DR and Pat Peck (who died in October last year) were active participants in the blog written by Bill Dahn (who died earlier this month). After most of Bill's entries, he invited his readers to comment on anything they wanted. Dana Rae, who went as "Lady DR" was prolific. She, like Bill, was dealing with an ailing mother and her very last comment in his last entry was about her:
More prayers for Mom, please. She's back in hospital, no one can tag what's wrong and three docs are in disagreement. Deb has made it very clear than when a decision is made and treatment completed, Mom will go directly home, not to a rehab facility. No idea how that impacts treatment or discharge. I figure Deb has to feel like a yo-yo on an elastic string, at this point, and she's dealing with it alone at this point.
She later added her sentiments after reading that Bill had died:
I'm still trying to absorb the idea of Bill being gone. I've known him over twenty years, met him in Boulder. He's such a caring man and has been so supportive of many. The help and encouragement he offered those of us dealing with elderly parents meant so much. The personal help and encouragement he offered me will never be forgotten. My heart goes out to you and your family and to your mom. Peace, prayers and love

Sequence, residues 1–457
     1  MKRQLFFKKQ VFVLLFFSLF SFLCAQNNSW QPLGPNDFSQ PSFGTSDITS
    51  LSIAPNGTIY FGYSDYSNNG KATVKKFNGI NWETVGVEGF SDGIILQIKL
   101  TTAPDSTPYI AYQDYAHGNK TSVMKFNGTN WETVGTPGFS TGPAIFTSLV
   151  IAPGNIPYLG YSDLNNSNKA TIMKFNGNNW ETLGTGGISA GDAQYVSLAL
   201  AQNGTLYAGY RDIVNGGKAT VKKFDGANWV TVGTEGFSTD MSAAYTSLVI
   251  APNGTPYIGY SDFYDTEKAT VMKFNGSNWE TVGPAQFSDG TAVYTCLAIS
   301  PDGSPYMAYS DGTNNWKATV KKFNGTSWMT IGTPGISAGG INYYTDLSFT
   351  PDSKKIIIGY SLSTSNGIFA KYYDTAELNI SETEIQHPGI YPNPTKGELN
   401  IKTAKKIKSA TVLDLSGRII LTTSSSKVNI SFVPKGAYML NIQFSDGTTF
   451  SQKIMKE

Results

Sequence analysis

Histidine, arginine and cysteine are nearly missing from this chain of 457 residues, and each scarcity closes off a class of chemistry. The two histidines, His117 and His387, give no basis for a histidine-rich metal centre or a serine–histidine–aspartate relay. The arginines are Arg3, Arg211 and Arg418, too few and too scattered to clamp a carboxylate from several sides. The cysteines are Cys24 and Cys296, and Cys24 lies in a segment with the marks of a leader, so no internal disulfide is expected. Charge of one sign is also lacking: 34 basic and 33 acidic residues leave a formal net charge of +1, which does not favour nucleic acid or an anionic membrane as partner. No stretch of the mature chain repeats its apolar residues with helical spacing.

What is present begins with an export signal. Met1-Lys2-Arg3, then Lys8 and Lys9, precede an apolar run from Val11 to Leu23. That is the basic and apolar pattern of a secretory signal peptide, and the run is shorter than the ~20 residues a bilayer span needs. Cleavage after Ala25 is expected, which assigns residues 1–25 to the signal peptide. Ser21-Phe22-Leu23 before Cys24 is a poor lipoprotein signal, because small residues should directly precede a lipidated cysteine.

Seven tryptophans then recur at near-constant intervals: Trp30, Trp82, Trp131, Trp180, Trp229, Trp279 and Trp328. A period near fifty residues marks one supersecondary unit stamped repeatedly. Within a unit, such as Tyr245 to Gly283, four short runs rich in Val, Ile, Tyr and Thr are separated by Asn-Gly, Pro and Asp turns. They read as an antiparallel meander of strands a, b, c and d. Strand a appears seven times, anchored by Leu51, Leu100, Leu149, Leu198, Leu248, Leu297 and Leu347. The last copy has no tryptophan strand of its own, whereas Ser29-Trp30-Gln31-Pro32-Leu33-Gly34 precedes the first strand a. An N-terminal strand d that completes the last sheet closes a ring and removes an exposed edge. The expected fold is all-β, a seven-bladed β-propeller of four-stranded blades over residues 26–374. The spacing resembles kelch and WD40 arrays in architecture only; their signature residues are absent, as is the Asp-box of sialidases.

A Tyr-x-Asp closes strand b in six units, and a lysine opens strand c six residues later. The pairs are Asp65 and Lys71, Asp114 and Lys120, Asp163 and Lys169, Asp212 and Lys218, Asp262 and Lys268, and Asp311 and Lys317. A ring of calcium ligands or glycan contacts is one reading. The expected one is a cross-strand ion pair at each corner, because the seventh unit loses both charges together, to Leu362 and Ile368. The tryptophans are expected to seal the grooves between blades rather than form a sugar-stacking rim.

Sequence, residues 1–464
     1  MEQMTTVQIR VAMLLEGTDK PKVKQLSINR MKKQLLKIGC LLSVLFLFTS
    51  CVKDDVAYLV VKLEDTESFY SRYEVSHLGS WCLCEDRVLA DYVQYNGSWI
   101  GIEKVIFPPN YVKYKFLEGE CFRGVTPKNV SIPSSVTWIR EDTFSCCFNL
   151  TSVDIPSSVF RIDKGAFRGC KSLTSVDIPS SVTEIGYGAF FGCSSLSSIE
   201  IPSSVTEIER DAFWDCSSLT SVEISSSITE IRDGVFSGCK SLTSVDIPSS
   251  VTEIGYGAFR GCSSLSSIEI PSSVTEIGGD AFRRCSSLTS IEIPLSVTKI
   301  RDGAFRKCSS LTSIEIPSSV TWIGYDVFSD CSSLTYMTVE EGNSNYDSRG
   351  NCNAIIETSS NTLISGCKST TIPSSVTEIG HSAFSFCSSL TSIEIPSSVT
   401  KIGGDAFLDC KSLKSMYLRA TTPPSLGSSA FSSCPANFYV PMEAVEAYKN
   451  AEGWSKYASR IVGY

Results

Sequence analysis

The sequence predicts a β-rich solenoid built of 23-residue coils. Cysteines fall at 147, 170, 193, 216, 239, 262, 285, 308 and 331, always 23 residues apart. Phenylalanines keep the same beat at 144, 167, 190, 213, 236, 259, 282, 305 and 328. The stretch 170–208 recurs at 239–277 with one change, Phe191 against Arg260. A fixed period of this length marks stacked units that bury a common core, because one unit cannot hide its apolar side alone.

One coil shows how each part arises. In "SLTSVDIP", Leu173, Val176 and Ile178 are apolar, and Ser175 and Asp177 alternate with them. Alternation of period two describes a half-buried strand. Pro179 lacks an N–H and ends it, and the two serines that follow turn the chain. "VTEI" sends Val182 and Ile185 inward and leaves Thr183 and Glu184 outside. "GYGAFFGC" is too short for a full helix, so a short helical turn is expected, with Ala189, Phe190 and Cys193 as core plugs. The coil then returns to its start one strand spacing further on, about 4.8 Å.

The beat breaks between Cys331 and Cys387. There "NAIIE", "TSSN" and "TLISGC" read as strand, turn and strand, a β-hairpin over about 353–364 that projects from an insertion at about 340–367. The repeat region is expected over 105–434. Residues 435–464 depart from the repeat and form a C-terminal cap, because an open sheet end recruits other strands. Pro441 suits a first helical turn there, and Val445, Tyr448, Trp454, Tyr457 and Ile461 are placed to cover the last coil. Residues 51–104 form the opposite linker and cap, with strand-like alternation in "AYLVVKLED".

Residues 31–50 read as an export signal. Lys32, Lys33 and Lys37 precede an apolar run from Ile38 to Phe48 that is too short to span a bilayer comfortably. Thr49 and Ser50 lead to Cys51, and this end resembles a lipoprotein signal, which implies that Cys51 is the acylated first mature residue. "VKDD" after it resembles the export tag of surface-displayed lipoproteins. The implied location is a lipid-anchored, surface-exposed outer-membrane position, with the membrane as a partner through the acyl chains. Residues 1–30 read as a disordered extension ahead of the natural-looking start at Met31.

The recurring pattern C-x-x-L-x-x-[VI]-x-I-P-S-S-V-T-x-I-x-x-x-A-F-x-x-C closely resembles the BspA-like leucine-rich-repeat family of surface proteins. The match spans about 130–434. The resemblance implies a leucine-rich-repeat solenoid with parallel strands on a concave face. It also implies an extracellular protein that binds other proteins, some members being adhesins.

Now Bill and DR (and Pat too) are together again, and their mothers are left without their help, love and support. It doesn't seem fair.
At the end of her book, DR offered hope for grieving loved ones:
In her life, Dana Rae Pomeroy lived those words. She remarried, loved her husband and her dogs passionately. She enjoyed every day, every event, every experience. I would love to know how she felt when she passed over and started a whole new bunch of experiences to savor.Believe it or not, one day the sun will look a little brighter, you'll discover a higher level of energy and you will sincerely smile at someone or something. You'll find a rekindling of old insterests or discover a new interest that sincerely intrigues you, You'll want to go to a social event instead of forcing yourself to go. And you will always be aware of life's priorities and the importance of taking risks and enjoying every day, every event, every experience. This advantage is reserved for those of us who have been there.